As a service member, you’re asked to put your life on hold for weeks, months, and sometimes years. But what happens to your financial obligations back home while you’re away? The Servicemembers Civil Relief Act (SCRA) provides legal and financial protections to active-duty servicemembers to ensure their livelihoods are secure while away.
Who is Covered by the SCRA?
The SCRA applies to:
- Members who are currently serving in the Army, Marine Corps, Navy, Air Force, and Coast Guard on active duty.
- Members of the Reserve component serving on active duty
- Members of the National Guard mobilized for more than 30 consecutive days.
- Active duty commissioned officers of the Public Health Service or the National Oceanic and Atmospheric Administration
SCRA protections can also extend to dependents and those with a valid power of attorney for the servicemember.
When Does the SCRA Protect You?
The SCRA covers you during your military service, beginning with the date you received the order to report for active duty, military service, or order of induction. Additionally, any time you are legally absent from active duty, such as illness or leave.
Key Protections Under SCRA
Interest Rate Reduction
Servicemembers qualify for a lower interest rate on debts incurred before military service. The SCRA mandates a maximum interest rate of 6% on pre-service loans (also called pre-service obligations) including:
- Automobile leases
- Student loans
- Home loans
- Incurred credit card debt
However, the SCRA interest rate reduction is not automatic. Servicemembers must notify their lender in writing and include a copy of their orders to active duty. Servicemembers can request an interest rate reduction from their lender at any time while serving on active duty and up to 180 days after release from active duty1.
For mortgages, the interest rate reduction extends for an additional year after the end of active-duty service. Any interest over and above 6% during active duty must be forgiven. Significantly, lenders cannot increase the interest rate above 6% after servicemembers leave active duty.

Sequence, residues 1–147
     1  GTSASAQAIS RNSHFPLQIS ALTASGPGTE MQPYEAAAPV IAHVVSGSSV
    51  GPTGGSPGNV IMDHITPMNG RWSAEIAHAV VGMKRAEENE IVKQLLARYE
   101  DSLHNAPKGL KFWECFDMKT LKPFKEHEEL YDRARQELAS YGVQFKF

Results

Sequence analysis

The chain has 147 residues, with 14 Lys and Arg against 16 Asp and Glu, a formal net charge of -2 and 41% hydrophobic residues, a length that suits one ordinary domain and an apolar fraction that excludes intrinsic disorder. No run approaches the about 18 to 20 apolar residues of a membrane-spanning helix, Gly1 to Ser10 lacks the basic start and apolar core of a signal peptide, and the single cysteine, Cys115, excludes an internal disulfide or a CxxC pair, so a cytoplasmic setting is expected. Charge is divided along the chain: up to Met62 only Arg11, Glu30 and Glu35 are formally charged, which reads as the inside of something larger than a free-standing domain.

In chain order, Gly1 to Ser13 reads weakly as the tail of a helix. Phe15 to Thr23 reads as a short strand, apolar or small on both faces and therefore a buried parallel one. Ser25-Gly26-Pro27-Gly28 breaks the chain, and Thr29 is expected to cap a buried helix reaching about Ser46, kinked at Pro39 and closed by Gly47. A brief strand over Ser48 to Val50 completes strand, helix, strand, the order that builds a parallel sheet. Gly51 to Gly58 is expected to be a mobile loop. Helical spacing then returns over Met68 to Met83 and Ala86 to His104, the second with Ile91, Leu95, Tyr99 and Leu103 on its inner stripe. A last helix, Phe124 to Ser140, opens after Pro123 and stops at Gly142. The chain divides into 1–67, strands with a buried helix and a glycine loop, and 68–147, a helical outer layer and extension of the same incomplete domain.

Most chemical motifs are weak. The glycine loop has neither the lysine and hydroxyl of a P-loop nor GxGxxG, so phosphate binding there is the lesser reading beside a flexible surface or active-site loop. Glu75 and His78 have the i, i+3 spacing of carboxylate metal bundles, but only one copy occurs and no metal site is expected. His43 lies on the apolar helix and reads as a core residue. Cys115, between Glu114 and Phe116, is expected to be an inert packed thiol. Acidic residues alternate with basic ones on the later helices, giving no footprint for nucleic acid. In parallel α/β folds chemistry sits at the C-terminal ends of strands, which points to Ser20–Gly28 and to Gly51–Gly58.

Protections Against Default Judgments in Civil Cases
Usually, if you are sued and do not appear in court, the court automatically rules in favor of the plaintiff. This process is known as a default judgment. If you are sued while on active duty and do not appear in court due to your military service, the judge must appoint an attorney to represent your interests. This attorney will prevent the courts from awarding a default judgment against you.
Protections Against Foreclosure
No sale, foreclosure, or seizure of property for nonpayment of pre-service mortgage debt is valid if it occurs during or within nine months after your active-duty service unless it complies with a court order.
Protections Against Repossession
Under certain circumstances, the SCRA prohibits creditors from seizing your personal property, such as your vehicle, without a court order. For example, suppose you break a contract by failing to make your monthly payments. In that case, the creditor must first file a lawsuit and obtain an order from a judge before they can repossess your vehicle or other personal property. To qualify, you must have signed the loan agreement and paid at least the deposit or first installment payment before you entered military service.
Termination of Leases
Under the SCRA, you can terminate residential housing and automobile leases without penalty if you entered the lease before you started active duty1. You can also terminate leases signed while in military service if you receive orders for a permanent change of station (PCS) or to deploy for not less than 90 days.
In addition to these key protections, the SCRA also provides other benefits such as:
- The right to cancel phone contracts without penalty.
- Protection from storage unit foreclosure
- Deferred income taxes
- Eviction prevention
Representation for SCRA Violations
While serving in the military, the SCRA is serving you by providing robust protection against vehicle repossession. Your rights are the same whether you are on active duty or on leave for an illness. Contact our office if you believe your rights under the SCRA have been violated. Our attorneys have decades of experience serving in and representing those of the armed forces. Send the details of your case through our contact page, or call (919) 526-0450 to speak with an intake specialist.